Journal of Transport Geography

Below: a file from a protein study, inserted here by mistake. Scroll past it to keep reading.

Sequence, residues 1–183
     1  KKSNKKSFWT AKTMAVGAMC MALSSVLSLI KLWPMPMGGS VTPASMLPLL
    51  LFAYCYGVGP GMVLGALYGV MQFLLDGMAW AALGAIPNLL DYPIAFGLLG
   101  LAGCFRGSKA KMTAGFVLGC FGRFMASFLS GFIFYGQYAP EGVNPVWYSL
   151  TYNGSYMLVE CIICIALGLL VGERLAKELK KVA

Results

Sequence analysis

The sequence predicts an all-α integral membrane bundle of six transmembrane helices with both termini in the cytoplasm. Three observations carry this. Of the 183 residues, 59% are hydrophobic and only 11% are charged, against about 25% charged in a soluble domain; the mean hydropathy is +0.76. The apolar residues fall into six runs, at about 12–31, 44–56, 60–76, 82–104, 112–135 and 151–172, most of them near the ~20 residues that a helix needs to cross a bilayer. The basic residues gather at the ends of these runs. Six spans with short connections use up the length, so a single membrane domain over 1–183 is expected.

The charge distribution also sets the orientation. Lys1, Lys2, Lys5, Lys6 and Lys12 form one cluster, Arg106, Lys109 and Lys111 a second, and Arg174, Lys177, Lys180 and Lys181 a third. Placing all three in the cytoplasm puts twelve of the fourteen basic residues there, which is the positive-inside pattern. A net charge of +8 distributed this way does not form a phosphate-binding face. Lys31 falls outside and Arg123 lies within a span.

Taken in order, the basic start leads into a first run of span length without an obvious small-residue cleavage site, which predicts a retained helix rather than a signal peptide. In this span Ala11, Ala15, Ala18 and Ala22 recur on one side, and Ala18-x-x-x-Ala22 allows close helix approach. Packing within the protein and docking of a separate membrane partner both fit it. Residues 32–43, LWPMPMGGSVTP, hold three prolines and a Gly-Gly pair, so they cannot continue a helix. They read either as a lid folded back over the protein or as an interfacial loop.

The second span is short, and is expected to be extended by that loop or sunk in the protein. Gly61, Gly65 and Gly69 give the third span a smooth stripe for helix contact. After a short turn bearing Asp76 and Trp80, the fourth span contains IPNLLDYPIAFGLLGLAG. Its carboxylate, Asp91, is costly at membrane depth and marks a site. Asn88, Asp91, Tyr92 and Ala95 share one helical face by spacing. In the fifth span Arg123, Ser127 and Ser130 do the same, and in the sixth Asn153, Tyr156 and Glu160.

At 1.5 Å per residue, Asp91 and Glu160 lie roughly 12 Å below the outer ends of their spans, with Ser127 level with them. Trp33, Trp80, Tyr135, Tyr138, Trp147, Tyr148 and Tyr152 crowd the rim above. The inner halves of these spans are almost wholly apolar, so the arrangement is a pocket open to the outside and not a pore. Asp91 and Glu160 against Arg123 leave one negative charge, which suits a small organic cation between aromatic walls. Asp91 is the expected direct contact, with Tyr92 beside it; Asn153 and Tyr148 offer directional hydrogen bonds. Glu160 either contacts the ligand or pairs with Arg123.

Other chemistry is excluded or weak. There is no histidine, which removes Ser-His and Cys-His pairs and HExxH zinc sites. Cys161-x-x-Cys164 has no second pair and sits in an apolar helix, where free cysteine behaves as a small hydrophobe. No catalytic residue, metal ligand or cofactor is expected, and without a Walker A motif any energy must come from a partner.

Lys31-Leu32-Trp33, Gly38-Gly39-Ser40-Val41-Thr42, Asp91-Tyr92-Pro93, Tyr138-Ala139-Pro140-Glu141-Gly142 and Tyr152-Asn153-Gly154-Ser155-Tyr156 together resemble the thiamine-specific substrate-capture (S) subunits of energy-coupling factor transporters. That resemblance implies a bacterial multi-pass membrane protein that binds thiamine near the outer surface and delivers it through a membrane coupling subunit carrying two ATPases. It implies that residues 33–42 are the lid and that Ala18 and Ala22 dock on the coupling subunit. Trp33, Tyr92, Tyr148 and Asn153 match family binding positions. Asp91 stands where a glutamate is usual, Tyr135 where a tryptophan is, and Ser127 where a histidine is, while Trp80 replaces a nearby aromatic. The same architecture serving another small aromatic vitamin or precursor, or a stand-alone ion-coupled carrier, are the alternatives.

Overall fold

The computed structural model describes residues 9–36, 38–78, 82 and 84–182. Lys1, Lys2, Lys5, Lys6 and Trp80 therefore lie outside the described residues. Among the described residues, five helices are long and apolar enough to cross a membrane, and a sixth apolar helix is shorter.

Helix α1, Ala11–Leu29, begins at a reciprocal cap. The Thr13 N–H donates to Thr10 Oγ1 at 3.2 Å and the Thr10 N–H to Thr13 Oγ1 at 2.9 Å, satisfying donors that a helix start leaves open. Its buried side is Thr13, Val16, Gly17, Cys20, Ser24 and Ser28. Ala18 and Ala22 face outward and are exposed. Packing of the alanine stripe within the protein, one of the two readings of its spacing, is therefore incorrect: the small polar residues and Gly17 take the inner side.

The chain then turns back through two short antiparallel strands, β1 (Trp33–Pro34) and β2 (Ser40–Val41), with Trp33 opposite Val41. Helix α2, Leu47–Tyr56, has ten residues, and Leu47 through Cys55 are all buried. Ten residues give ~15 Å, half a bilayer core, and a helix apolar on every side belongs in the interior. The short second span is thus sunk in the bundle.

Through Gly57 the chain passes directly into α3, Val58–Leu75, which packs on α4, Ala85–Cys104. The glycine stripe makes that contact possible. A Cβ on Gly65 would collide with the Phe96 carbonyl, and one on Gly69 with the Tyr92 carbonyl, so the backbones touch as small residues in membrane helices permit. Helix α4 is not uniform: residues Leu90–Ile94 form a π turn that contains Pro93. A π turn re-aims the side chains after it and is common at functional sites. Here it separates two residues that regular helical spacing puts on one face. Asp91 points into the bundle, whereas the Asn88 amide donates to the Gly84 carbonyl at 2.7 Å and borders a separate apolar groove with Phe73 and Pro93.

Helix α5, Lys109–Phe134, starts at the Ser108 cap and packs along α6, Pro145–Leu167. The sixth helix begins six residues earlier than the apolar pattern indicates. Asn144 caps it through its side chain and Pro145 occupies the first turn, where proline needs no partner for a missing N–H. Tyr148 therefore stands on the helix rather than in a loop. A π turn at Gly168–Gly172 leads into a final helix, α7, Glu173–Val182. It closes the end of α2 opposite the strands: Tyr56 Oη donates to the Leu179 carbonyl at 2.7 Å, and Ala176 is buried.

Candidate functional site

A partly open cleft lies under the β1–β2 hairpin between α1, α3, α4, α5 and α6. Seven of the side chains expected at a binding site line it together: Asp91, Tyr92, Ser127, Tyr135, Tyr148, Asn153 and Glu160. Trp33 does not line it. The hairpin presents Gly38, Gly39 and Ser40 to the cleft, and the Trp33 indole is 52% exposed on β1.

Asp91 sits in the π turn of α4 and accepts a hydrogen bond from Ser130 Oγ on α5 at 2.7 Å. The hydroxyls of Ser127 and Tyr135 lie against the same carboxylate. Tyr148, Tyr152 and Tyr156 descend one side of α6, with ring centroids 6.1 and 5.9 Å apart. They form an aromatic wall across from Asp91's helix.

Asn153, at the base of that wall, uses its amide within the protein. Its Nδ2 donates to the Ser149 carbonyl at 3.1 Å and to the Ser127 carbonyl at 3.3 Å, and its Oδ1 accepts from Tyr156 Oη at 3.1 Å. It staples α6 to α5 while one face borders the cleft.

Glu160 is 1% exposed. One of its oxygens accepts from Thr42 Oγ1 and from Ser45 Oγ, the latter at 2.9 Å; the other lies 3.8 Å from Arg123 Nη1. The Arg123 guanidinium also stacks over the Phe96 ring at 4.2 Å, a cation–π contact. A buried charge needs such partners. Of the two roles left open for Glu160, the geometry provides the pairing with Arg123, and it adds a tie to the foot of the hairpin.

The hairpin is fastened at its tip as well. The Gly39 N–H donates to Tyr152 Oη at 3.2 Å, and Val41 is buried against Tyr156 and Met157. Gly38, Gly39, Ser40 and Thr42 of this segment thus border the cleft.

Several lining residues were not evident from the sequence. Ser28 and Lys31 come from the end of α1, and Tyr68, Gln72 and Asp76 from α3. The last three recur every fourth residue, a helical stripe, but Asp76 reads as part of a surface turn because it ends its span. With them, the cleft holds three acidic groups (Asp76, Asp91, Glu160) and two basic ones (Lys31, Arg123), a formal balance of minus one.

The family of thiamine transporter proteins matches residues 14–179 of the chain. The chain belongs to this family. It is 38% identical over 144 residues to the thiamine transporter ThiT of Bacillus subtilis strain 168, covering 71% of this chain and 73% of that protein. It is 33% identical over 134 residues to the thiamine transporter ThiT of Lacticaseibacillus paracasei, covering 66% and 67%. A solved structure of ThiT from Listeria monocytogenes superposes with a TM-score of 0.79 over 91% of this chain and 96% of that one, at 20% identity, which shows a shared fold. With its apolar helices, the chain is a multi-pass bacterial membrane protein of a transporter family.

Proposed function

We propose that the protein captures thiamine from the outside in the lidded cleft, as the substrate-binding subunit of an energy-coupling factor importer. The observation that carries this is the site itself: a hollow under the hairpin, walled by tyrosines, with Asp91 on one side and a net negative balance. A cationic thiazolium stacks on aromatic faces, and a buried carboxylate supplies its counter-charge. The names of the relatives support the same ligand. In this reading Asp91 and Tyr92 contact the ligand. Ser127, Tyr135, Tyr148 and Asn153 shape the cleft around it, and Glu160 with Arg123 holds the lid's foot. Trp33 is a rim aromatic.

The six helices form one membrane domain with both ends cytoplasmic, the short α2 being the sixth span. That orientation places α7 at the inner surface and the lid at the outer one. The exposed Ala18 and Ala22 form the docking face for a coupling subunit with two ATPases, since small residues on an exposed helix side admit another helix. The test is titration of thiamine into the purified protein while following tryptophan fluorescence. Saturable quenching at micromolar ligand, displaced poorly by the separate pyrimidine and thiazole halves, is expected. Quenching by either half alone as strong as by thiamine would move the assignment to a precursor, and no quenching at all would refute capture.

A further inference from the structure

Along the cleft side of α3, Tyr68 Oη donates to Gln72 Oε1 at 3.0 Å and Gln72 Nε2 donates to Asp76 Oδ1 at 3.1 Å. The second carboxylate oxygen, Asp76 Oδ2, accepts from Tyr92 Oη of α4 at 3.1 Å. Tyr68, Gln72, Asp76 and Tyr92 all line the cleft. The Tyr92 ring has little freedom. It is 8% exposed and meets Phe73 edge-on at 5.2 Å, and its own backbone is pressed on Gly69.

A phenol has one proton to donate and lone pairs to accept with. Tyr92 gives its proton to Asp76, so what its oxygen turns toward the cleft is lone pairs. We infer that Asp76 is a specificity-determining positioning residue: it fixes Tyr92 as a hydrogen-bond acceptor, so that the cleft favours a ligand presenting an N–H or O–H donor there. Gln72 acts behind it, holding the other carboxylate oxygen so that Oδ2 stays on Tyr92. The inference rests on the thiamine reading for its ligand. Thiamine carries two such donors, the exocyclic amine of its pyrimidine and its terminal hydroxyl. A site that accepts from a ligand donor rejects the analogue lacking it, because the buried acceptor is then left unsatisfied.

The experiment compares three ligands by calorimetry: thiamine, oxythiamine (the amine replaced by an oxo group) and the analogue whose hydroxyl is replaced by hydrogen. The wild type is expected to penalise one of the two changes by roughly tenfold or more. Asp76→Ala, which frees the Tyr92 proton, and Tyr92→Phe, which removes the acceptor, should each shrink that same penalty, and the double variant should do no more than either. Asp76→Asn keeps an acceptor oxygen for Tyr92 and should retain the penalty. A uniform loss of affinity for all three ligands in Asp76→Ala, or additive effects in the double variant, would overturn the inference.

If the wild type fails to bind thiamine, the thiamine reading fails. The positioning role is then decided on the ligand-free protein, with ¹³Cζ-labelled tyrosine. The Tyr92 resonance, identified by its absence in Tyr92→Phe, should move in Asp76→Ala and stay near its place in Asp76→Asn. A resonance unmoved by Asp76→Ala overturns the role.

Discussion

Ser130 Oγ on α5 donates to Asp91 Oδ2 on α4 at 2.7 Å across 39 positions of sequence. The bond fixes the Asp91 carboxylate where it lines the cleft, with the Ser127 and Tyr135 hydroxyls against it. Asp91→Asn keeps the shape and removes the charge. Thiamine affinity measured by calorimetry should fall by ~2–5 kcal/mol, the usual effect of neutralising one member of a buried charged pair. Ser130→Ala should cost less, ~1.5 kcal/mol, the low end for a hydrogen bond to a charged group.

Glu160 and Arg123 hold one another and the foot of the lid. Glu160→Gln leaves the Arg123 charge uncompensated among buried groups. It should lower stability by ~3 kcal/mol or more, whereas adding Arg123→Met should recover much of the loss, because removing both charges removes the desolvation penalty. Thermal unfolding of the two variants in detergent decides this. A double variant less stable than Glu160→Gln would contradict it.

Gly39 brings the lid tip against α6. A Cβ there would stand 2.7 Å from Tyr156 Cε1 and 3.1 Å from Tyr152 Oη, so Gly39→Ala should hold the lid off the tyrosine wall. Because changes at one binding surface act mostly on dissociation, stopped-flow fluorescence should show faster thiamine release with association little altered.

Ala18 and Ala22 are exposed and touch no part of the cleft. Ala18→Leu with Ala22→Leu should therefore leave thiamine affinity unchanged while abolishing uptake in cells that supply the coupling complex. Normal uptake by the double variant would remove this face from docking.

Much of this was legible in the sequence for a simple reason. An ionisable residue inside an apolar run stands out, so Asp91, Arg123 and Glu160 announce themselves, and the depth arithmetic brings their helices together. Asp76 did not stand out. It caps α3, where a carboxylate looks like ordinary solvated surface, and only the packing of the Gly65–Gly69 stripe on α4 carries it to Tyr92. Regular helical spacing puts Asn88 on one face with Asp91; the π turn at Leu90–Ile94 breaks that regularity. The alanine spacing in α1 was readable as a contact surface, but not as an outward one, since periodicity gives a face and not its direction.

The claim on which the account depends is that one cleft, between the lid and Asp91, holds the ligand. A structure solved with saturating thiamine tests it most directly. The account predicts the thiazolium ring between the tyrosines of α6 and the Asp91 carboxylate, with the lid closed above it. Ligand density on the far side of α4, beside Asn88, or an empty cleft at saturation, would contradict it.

Abstract Port reforms around the world have opened regional container port terminal markets. The emergence of a wide array of global terminal operators has led to a differentiation in entry strategies driven by their respective objectives and by factors exogenous to the firm. This paper looks at antecedent factors that play a role in a company’s entry strategy in a public–private partnership (PPP) setting by performing binomial logistic regression on a large sample of container terminal deals over the period 2002–2010. More specifically, it analyses to what extent firm-specific, external, project and cross-cultural factors play a decisive role in the choice between direct PPPs (i.e. stepping into a new PPP arrangement such as a new concession agreement) and indirect PPPs (i.e. stepping into an existing PPP arrangement through acquisitions). The empirical findings demonstrate the pivotal role of some firm specific characteristics (market experience and business model), external factors (host country development and market openness, government effectiveness, market concentration degree, and market saturation) and project-related factors (project size, number of partners involved, and equity joint venture with the Port Authority), also unveiling some preliminary results in relation to cross-cultural variables.